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Medigap insurance: Filling in Medicare's gaps

When you qualify for Medicare, policy choices abound. Will you be choosing Original Medicare or a Medicare Advantage Plan? Will you need Part D prescription coverage?

If you enroll in Original Medicare, Part A pays for care in a hospital or skilled nursing facility, as well as for home health and hospice care. Medicare Part B pays for treatment by physicians, outpatient hospital care, durable medical equipment and other medical services. But Medicare does not pay every medical charge or service. Depending on your health situation, you could be open to a variety of out-of-pocket medical expenses.

The federal government has authorized 10 standardized Medigap policies.

Enter Medicare supplement insurance — also known as Medigap policies — to plug the gaps left in Original Medicare. (Those with Medicare Advantage Plans are not eligible for Medigap policies.) Medigap policies are private insurance policies that cover Medicare coinsurance, co-payments and deductibles that you'd otherwise have to pay yourself. Some Medigap policies also pay for costs not covered by Original Medicare.

The 10 letters of Medigap

The federal government has authorized 10 standardized Medigap policies: Plans A through N. Depending on where you live, all 10 of these standard policies — or only a few — may be offered. If an insurance company wants to sell Medigap policies, it must sell at least Plan A. However, if an insurance company sells any other type of policy, aside from Plan A, it must also offer Plans C or F.

To purchase a Medigap policy that's right for your situation, you need to review the choices annually to make sure your Medigap plan still fits your needs. Plan A offers a very basic supplement to Medicare coverage. Plan F offers much more coverage but is also more expensive. Plans K and L offer payment of 50 or 75 percent on certain co-payments, coinsurance and deductibles. Don't confuse the Medigap policy designations with Medicare Parts A and B.

Each plan letter's coverage is the same from insurance company to insurance company. For example, no matter which company is selling the policy, Plan C will contain the same coverage. (However, insurers in Massachusetts, Minnesota and Wisconsin are permitted to sell somewhat different combinations of benefits.

Medigap policies will generally pay most or all of the Medicare coinsurance amounts and Medicare's deductibles. Certain plans will also pay for emergency medical care in a foreign country. (See chart below.) No plan will cover prescription drugs; for that you need to sign on with a Medicare prescription plan.

Also, your Medigap plan will not cover your spouse; you'll each need your own policy.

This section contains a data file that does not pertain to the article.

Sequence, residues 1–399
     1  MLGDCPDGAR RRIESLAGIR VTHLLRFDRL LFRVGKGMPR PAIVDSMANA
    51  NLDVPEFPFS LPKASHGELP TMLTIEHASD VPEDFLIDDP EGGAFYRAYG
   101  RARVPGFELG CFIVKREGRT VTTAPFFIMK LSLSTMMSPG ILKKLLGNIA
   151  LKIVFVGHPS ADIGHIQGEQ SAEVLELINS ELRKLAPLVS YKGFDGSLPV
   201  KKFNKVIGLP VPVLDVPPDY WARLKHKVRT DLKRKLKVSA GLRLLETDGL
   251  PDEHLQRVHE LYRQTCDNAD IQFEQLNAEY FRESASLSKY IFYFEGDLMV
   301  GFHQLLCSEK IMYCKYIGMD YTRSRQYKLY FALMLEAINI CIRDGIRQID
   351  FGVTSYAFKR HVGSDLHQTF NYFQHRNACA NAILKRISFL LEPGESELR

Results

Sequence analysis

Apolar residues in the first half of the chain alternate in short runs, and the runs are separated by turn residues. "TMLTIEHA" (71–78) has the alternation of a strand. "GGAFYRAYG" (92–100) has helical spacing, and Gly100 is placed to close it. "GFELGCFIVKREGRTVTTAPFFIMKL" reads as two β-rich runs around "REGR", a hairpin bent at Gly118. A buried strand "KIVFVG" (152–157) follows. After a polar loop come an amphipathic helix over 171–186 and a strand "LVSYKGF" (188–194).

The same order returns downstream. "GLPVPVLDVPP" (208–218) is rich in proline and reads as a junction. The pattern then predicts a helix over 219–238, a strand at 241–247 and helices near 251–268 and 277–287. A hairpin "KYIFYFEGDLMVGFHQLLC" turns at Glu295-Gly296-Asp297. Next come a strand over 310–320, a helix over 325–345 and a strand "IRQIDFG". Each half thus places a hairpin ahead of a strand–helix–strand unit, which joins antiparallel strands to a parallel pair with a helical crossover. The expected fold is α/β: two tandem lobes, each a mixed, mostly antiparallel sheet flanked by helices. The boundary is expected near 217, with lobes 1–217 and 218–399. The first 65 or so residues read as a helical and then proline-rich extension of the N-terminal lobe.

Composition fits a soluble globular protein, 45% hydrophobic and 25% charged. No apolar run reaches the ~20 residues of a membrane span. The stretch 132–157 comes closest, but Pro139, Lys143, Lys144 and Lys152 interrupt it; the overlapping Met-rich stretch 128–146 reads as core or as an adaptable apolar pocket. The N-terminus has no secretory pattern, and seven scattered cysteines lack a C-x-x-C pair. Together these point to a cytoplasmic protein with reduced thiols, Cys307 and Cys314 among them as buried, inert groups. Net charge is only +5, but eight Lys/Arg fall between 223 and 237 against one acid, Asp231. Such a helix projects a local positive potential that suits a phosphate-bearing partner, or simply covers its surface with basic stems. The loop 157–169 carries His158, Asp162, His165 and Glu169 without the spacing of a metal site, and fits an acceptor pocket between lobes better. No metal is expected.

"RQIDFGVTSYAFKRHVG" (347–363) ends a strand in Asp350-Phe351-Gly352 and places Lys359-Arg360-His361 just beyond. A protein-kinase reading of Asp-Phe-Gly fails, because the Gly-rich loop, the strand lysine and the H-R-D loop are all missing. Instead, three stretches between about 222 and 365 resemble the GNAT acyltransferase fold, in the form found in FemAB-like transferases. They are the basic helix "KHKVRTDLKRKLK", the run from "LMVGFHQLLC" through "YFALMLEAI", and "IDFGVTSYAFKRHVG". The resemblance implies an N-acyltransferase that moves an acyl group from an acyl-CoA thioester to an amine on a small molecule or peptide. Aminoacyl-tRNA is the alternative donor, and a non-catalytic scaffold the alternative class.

Medigap policies don’t cover long-term care (like care in a nursing home), vision or dental care, hearing aids, eyeglasses or private-duty nursing.


Medigap Beneifts A B C D F* G K L M N
Medicare Part A Coinsurance hospital costs up to an additional 365 days after Medicare benefits are used up X X X X X X X X X X
Medicare Part B Coinsurance or Copayment X X X X X X 50% 75% X X**
Blood (First 3 Pints) X X X X X X 50% 75% X X
Part A Hospice Care Coinsurance or Copayment X X X X X X 50% 75% X X
Skilled Nursing Facility Care Coinsurance     X X X X 50% 75% X X
Medicare Part A Deductible   X X X X X 50% 75% 50% X
Medicare Part B Deductible     X   X          
Medicare Part B Excess Charges         X X        
Foreign Travel Emergency (Up to Plan Limits)     X X X X     X X
Medicare Preventive Care Part B Coinsurance X X X X X X X X X X

* Plan F offers a high-deductible option ($2,000 in 2010).

**Plan N has copyaments of up to $20 for office visits and up to $50 for emergency department visits. The 2010 out-of-pocket limit is $4,620 for Plan K and $2,310 for Plan L.

If you're interested in a Medigap policy, strike while the iron is hot! Your Medigap open enrollment period begins on the first day of the month in which you are age 65 or older and enrolled in Medicare Part B, and it lasts for six months. During this time, an insurance company can’t refuse to sell you any Medigap policy it sells, can't make you wait for coverage to start (except possibly for coverage of pre-existing conditions), and can't charge you more for a Medigap policy because of your health problems. (Medicare will still cover your pre-existing condition but you'll have to pay your own out-of-pocket costs.)

There's still another Medigap option. Medicare SELECT, sold in some states, can be any of the standardized Medigap Plans A through L except that you must use specific hospitals and, in some cases, specific doctors to get your full insurance benefits (except in an emergency). The advantage is that Medicare SELECT policies generally cost less than other Medigap policies. However, if you have a Medicare SELECT policy but don't use hospitals or doctors on the list for non-emergency services, you will have to pay some or all of what Medicare doesn’t pay. Medicare will still pay its share of approved charges no matter which hospital or doctor you choose.

For all the details about Medigap plans and enrollment, see the latest "Choosing a Medigap Policy" handbook at www.medicare.gov.

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